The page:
reused in the post-dissolution period. A further linear depression up to 50m
in length and 7.5m in width on the north western side of the monument, and a
soilmark approximately 70m in length to the south west, identified from aerial
photographs are similarly interpreted.

All trackways, gates, fences and standing buildings (apart from the south wall
of the abbey's refectory) are excluded from the scheduling although the ground
beneath these features is included.

The site of the monument is shown on the attached map extract.

Source: Historic England

Reasons for Scheduling

From the time of St Augustine's mission to re-establish Christianity in AD 597
to the reign of Henry VIII, monasticism formed an important facet of both
religious and secular life in the British Isles. Settlements of religious
communities, including monasteries, were built to house communities of monks,
canons (priests), and sometimes lay-brothers, living a common life of
religious observance under some form of systematic discipline. It is estimated
from documentary evidence that over 700 monasteries were founded in England.
These ranged in size from major communities with several hundred members to
tiny establishments with a handful of brethren. They belonged to a wide
variety of different religious orders, each with its own philosophy. As a
result, they vary considerably in the detail of their appearance and layout,
although all possess the basic elements of church, domestic accommodation for
the community, and work buildings. Monasteries were inextricably woven into
the fabric of medieval society, acting not only as centres of worship,
learning and charity, but also, because of the vast landholdings of some
orders, as centres of immense wealth and political influence. They were
established in all parts of England, some in towns and others in the remotest
of areas. Many monasteries acted as the foci of wide networks including parish
churches, almshouses, hospitals, farming estates and tenant villages. The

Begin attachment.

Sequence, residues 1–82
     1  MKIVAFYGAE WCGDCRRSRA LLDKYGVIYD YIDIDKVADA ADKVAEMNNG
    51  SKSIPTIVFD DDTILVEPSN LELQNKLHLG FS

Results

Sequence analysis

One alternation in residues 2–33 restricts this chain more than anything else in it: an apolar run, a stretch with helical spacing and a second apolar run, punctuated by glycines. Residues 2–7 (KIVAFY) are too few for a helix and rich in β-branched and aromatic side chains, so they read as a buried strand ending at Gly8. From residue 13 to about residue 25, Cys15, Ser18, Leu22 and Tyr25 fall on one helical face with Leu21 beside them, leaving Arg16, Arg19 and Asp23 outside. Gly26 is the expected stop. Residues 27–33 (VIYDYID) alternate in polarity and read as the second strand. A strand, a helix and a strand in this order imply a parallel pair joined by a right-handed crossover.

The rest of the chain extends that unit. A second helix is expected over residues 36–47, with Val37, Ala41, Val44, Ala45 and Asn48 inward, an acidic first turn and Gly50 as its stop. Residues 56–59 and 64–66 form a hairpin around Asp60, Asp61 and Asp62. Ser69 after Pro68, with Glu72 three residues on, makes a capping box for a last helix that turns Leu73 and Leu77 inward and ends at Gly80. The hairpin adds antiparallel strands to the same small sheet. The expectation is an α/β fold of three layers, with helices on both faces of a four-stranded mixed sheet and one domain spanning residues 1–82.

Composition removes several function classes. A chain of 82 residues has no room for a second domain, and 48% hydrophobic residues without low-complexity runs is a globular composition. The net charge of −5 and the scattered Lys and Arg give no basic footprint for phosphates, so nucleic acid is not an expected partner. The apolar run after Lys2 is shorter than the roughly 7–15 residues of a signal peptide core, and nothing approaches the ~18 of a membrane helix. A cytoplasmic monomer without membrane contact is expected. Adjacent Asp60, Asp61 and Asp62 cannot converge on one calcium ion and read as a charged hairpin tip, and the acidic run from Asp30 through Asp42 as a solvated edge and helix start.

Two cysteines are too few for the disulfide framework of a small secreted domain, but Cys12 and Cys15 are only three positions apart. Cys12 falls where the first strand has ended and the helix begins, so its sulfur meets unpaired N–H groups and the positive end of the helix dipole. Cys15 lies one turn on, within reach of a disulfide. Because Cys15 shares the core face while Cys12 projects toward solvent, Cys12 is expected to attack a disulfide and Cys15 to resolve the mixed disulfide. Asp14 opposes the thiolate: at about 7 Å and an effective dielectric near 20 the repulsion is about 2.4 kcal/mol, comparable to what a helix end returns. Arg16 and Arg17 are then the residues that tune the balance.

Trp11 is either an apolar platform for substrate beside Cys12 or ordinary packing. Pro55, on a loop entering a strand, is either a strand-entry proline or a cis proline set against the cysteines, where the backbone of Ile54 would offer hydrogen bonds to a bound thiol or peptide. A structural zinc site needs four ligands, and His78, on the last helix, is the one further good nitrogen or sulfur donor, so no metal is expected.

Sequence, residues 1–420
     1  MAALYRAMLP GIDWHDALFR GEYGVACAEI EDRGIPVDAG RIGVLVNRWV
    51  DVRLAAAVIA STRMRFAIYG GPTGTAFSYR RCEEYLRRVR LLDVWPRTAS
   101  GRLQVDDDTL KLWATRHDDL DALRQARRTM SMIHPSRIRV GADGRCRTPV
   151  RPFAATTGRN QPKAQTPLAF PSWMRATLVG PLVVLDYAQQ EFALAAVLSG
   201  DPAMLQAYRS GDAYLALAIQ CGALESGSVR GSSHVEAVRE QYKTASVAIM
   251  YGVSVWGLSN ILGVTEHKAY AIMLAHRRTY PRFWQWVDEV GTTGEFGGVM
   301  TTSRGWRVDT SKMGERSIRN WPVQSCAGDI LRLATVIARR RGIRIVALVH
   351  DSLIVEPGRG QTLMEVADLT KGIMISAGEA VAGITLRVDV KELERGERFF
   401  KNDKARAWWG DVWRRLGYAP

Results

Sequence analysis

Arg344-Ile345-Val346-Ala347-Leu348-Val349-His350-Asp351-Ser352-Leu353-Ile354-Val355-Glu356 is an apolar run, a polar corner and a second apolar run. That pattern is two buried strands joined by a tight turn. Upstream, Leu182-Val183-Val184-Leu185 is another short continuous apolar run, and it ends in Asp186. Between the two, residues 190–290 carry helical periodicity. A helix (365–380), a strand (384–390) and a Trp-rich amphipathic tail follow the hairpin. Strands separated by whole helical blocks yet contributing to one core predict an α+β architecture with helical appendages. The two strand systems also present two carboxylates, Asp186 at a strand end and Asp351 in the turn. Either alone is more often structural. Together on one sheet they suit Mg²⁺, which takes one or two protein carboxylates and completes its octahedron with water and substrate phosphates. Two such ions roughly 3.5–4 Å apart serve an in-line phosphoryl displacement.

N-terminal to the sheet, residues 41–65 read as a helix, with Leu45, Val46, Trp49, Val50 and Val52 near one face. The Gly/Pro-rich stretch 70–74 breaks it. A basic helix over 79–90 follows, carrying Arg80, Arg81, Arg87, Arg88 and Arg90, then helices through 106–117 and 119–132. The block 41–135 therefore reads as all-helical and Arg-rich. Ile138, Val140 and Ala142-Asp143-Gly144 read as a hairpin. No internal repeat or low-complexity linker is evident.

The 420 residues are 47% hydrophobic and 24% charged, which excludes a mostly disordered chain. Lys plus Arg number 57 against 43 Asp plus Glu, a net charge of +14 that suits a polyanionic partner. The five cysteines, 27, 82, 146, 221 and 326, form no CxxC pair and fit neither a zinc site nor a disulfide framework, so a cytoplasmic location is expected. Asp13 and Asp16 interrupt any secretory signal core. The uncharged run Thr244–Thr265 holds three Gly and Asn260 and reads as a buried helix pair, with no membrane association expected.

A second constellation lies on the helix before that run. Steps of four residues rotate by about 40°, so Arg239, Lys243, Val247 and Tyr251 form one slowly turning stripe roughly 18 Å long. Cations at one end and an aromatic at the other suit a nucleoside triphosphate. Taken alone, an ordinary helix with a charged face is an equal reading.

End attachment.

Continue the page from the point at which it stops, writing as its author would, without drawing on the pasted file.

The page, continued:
Premonstratensian order, or "White Canons", were not monks in the strict sense
but rather communities of priests living together under a rule. The first
Premonstratensian establishments were double houses (for men and women), but
later they founded some 45 houses for men in England. The Premonstratensian
order modelled itself on the Cistercian values of austerity and seclusion and
founded all its monasteries in rural locations.

The remains of Tupholme Abbey survive well as standing remains, extensive
earthworks and buried deposits which have been largely undisturbed by
excavation. Waterlogging in the ponds, moat and other channels suggests a high
level of survival for organic remains. The monument will preserve valuable
evidence for the relationship of the monastery with the marshland landscape in
which it was founded and with the post-dissolution manor which succeeded it.

Many early houses had gardens associated with them. The creation of gardens
has an early history in England, the earliest known examples being associated
with Roman villas. However, the major development in gardening took place in
the late medieval and early post-medieval periods when the idea of the garden
as a `pleasure ground' developed. Early gardens took a variety of forms. Some
involved significant water management works to create elaborate water gardens
which could include a series of ponds and even ornamental canal systems. At
other sites flower gardens were favoured, with planting in elaborately shaped
and geometrically laid out beds. Planting arrangements were often complemented
by urns, statues and other garden furniture. Such sites were often provided
with raised walkways or prospect mounds which provided vantage points from
which the garden design and layout could be seen and fully appreciated. Whilst
gardens were probably a common accompaniment to high status houses of the 16th
century and later date, continued occupation of houses and related use and
remodelling of gardens in response to changing fashions means that early
remains rarely survive undisturbed. Gardens provide a valuable insight into
contemporary aesthetics and views about how the landscape could be modified to
enhance the surroundings. Their design often mirrors elements of the design of
the associated house; particularly following the symmetry of the buildings. In
view of their rarity, great variety of form, and importance for understanding
high status houses and their occupants, all surviving examples of early date
will be identified as nationally important.

The remains of the formal gardens surrounding the site of the post-dissolution
house at Tupholme offer a good opportunity to understand the development and
adaptation of a monastic site, particularly the reuse of industrial features
for leisure purposes. The gardens also provide an insight into the wealth and
social status of the occupants of the post-dissolution house.

Source: Historic England


Books and journals
Cocroft, W, Wilson, P, Field Survey of Site of Premonstratensian Abbey of Tupholme, (1989)
Cocroft, W, Wilson, P, Field Survey of Site of Premonstratensian Abbey of Tupholme, (1989)
Colvin, M, The White Canons in England, (1951)
Oliver, Reverend G, Acc. of the Religious Houses Formerly Sit. East of River Witham, (1846)
Listing Report: TF 16 NE Abbey Ruins, (1966)
RCHME, A.P. Plot of the Earthworks: Tupholme Abbey, Lincolnshire, (1989)
Start, D, (1997)
Turner, J. and Leach, T., Tupholme Abbey - Notes for an outing, (1974)

Source: Historic England